Whistleblower News & Articles
May 21, 2020
The Department of Justice (DOJ) has announced yet another nursing home fraud settlement. Last month, Saber Healthcare Group LLC (and related entities) agreed to pay $10 million to resolve a whistleblower lawsuit. The suit (joined by the government for settlement) argued that, for years, Saber charged Medicare for rehabilitation therapy services that were not reasonable or necessary. The government also alleged that therapists often provided basic nursing services, but billed the taxpayers for more expensive “skilled” therapy. This settlement resolves allegations at nine different Saber nursing facilities.
Saber, which owns and operates facilities in seven states, is the latest skilled nursing facility (SNF) chain to find itself across the table from DOJ. In recent years, DOJ has settled numerous matters with companies accused of subjecting seniors to unnecessary therapy services to maximize their revenue. This includes suits and settlements against LifeCare Centers for America, Genesis Healthcare, Kindred Healthcare, Guardian Elder Care, and others. These matters have already recovered hundreds of millions of dollars for the Medicare and Medicaid systems. In fact, the fraud and harm was so well-documented that the government has even changed how it pays for this type of therapy. The change was enacted to reduce the financial incentive for facilities to over-treat residents, among other things.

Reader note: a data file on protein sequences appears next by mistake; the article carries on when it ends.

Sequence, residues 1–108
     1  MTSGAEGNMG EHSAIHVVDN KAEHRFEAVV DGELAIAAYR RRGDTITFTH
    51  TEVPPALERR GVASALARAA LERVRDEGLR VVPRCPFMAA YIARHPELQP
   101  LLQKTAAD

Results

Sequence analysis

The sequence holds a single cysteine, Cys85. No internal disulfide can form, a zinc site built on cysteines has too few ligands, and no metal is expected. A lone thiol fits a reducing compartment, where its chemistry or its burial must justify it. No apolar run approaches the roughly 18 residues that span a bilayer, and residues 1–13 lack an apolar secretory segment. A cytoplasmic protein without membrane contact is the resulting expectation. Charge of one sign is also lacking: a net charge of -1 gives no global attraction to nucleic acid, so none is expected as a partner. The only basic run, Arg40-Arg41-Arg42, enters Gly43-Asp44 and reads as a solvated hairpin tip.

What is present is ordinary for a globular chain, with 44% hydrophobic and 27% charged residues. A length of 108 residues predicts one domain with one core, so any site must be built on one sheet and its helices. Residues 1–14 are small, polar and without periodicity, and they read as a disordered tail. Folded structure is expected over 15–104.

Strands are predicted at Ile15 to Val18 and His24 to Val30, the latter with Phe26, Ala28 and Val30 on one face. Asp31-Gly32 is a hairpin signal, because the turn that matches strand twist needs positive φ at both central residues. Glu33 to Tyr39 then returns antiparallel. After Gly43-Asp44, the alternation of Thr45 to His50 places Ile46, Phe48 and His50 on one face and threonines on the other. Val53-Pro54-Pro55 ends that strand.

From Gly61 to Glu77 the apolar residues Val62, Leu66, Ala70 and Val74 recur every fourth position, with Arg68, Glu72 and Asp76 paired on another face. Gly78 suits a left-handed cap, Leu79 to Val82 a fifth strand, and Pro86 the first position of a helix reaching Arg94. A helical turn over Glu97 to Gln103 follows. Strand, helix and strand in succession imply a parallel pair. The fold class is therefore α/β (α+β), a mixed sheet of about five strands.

The allegations against Saber repeat an all too common tale: Residents being placed into intensive therapy regimens even when they cannot tolerate it. Therapists prevented from adjusting the treatment program to fit the needs and capabilities of their patients. Executives instructing therapists to falsify their billing records in myriad ways.
This behavior harms far more than the public fisc. Lawsuit after lawsuit share gut-wrenching examples of patients being forced to undergo physical therapy that they simply could not tolerate and/or did not want. These include instances of patients receiving intensive therapy just days or hours before passing away; patients being forced to complete over an hour of therapy immediately after undergoing exhausting dialysis treatments; and persons with dementia being easy targets for such schemes. Examples such as these are surely behind the DOJ’s ongoing focus on nursing home therapy fraud. And no doubt they have influenced DOJ’s National Nursing Home Initiative, announced this past March.
DOJ’s new initiative goes well beyond therapy. It targets the problem of grossly substandard care in many homes around the country. As detailed in the announcement, DOJ will be looking carefully at “nursing homes that consistently fail to provide adequate nursing staff to care for their residents, fail to adhere to basic protocols of hygiene and infection control, fail to provide their residents with enough food to eat so that they become emaciated and weak, withhold pain medication, or use physical or chemical restraints to restrain or otherwise sedate their residents.” With COVID-19 causing devastation in nursing homes nationwide, there is little doubt that DOJ and state attorneys general will be taking a very close look at these very issues for the weeks, months, and years to come.